Female hormones can impact women in so many ways, but did you realise they can also increase your vulnerability to developing gum disease? Higher levels of oestrogen and progesterone increase the blood flow to the gums. Consequently, gum tissue becomes more sensitive to plaque and bacteria and gums can become inflamed, swollen and will bleed. Eventually, the inflammation can destroy gum tissue, and lead to bone loss around teeth and even tooth loss.
Hormonal levels can change dramatically at specific times of life which are puberty, during menstrual cycles, when pregnant, and going through menopause. At these times, it is important to make sure you brush and floss regularly. The more plaque bacteria you remove, the lower the risk of your gums becoming inflamed.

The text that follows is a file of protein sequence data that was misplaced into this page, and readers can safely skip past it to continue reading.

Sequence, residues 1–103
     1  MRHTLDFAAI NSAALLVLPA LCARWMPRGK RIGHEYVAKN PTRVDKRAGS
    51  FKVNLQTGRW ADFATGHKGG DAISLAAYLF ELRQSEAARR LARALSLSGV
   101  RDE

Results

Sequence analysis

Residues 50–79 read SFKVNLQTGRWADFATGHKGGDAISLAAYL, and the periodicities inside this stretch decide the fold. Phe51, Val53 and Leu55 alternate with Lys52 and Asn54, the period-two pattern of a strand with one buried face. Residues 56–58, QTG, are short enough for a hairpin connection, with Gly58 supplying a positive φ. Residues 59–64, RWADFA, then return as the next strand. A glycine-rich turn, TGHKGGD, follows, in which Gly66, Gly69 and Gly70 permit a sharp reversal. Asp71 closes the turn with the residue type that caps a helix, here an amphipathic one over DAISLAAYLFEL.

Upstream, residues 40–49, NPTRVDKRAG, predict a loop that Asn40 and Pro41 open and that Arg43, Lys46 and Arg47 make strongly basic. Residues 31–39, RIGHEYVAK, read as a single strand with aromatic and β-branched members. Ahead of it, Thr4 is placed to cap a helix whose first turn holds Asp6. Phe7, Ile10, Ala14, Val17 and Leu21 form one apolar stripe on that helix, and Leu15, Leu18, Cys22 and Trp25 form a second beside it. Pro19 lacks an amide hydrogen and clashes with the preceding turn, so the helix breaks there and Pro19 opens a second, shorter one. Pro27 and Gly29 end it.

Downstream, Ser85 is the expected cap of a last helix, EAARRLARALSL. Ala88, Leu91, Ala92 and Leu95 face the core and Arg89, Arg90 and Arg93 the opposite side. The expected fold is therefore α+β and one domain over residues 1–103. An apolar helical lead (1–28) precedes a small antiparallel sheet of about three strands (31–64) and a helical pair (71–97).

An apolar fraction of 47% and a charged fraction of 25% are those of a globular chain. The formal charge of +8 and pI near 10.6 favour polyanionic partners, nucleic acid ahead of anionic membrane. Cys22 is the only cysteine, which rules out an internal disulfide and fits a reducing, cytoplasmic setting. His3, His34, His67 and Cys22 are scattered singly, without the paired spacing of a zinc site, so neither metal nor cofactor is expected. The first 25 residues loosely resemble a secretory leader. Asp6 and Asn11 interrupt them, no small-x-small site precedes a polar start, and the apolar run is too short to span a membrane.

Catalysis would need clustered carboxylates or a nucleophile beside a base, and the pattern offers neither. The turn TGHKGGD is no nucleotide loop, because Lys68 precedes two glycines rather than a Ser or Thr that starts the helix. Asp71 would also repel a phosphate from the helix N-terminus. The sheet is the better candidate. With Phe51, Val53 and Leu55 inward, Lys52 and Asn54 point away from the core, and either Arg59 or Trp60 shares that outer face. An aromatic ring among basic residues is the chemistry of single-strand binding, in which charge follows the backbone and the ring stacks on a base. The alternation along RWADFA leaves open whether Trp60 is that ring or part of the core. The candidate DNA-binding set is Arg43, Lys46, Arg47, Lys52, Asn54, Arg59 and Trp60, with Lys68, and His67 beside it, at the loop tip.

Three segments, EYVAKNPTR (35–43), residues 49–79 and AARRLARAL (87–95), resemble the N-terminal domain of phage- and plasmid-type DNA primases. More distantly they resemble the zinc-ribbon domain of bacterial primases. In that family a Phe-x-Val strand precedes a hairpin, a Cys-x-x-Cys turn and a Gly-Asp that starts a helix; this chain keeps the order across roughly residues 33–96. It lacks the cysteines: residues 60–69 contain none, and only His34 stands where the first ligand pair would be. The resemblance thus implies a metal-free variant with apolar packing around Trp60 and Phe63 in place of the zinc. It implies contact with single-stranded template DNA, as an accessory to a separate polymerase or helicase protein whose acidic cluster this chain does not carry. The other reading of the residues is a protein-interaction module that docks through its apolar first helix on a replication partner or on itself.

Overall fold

During pregnancy, hormonal levels change dramatically, and some women develop pregnancy gingivitis, a form of gum disease that can develop from the second month onwards. Good oral care is even more important, so make sure you see us regularly for checkups and cleans. We may recommend more frequent cleanings to help control pregnancy gingivitis.
Menopause causes hormonal levels to decline, and some women develop dry mouth, where they don’t produce enough saliva. A lack of saliva can increase the risk of gum disease and cavities, so talk to us if your mouth is feeling dry.